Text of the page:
Lastly I have “borrowed” my Mother in Law’s recipe collection. Tucked into a Lofty Peak Flour recipe book there are type written recipes for Cherry & Ginger Loaf, Banana Bread and Fruit Cake. Alas, there is not much reverence shown to these poor recipes for there are handwritten scribbles for letters to be written, bills to be paid and phone numbers to ring. There are hand written recipes for scones, mince beef loaf and a rather bizarre recipe for Chinese Salad.

This Chinese Salad involves putting some chopped onions and cooking apples in a casserole dish. Then comes a sprinkling of sugar. A layer of tomatoes (tinned or fresh I do not know) sausage meat, cheese and finally breadcrumbs. Bake at 300 degrees for 30-45 minutes. Yum! I have no idea what the Chinese connection is, and while we are about it there’s nothing salady about it either, maybe i’m missing something! Interestingly the same writer (not my mother in law’s writing I must add) also writes a delicious (!) Sausage Spaghetti recipe. Sausages, tinned spaghetti and tomatoes are put in a casserole dish before beaten egg is poured on top to give an omlette’y layer! Worryingly there are two recipes for this sausage spaghetti. Perhaps mother in law mislaid first recipe and asked for a replacement from the culinary genius friend!

This week I have given my recipe file a good cull and sort. It’s not pretty like the 1846 book, but is functional and I am very pleased to say there are absolutely no recipes for Sausage Spaghetti!

Remember to ask elderly relatives for their recipes before they bin them. As ready meals, meals on wheels, Wiltshire Farm Foods and the like beckon they may not feel the need to hold onto recipes or ancient recipe books. A bit of family social history lost forever.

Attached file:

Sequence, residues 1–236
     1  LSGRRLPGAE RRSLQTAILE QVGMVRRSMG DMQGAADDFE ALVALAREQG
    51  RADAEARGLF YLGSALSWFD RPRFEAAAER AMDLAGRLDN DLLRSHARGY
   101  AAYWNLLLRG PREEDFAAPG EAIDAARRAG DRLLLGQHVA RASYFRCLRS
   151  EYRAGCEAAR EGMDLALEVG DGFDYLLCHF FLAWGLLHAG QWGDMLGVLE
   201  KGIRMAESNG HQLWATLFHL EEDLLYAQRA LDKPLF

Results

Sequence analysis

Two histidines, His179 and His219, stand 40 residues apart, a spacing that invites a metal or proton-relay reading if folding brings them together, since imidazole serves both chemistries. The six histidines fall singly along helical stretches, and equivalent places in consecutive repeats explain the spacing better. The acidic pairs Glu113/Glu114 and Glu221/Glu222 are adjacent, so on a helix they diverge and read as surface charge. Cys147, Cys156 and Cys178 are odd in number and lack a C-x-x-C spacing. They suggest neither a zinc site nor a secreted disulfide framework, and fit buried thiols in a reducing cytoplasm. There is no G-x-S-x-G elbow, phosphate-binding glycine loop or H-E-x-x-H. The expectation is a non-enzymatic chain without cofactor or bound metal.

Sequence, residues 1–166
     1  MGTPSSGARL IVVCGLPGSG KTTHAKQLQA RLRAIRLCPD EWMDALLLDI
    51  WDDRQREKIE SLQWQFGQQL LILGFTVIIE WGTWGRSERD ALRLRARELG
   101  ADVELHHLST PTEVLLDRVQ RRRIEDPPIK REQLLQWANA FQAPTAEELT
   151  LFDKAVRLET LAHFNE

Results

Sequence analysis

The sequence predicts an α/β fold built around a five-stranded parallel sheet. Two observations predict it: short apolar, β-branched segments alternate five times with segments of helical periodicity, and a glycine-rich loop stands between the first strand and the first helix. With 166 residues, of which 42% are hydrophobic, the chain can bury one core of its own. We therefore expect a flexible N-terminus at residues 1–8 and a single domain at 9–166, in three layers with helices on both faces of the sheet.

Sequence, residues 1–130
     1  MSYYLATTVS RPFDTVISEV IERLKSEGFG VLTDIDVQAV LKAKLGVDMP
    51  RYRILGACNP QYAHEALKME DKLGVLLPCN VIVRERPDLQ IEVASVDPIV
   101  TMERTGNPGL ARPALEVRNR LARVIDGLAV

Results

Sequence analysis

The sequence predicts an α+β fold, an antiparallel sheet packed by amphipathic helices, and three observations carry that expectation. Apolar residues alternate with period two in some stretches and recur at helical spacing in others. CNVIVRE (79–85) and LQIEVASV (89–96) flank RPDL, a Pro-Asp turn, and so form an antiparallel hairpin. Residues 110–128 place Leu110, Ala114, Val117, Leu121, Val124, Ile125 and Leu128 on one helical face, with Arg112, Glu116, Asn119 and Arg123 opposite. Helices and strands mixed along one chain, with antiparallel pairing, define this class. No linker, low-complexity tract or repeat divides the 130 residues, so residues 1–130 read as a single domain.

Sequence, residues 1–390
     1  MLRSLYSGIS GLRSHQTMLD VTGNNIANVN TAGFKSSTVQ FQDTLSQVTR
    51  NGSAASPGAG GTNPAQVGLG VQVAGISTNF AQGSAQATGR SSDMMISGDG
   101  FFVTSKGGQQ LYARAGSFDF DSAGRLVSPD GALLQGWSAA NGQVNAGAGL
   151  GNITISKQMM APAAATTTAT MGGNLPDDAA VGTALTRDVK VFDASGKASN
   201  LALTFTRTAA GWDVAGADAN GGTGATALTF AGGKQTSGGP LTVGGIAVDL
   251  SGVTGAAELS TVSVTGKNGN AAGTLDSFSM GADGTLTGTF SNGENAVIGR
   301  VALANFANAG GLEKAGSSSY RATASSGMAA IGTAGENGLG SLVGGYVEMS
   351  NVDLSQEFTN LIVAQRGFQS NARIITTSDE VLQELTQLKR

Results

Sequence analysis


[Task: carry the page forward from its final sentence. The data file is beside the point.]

Wishing you a lovely weekend and I hope your stove will be busy cooking up something warming and delicious.

PS Kids, Granny doesn’t know I have borrowed her recipe trove. Shhh! Mum’s the word!

Culled & Sorted, Rocking Dog

Culled & Sorted

Ongoing 1846 Deciphering!, Rocking Dog

Ongoing 1846 Deciphering!

Culinary Hieroglyphics, Rocking Dog

Culinary Hieroglyphics

Rediscovering Calligraphy At The Makery

Meticulous Ink, Rocking Dog

Meticulous Ink

On Saturday I clocked in at “The Makery” for a calligraphy workshop with Athena of “Meticulous Ink”, Bath.

I’m a big fan of The Makery having previously been on a workshop to make Roman Blinds. I found that workshop to have been informative, fun and well paced. Most importantly it gave me the confidence to embark on making blinds for my lounge windows. I am now looking to make blinds for the kitchen with an as yet unchosen fabric. Apart from being given a concise instruction sheet I came away from the workshop having made a small blind which is great to refer back to. Finally when I had an issue with measurements for one of my blinds an e.mail to the workshop tutor resulted in a quick response with advice….so brilliant after care too! Finally after seventeen years my lounge had dressed windows, hallelujah!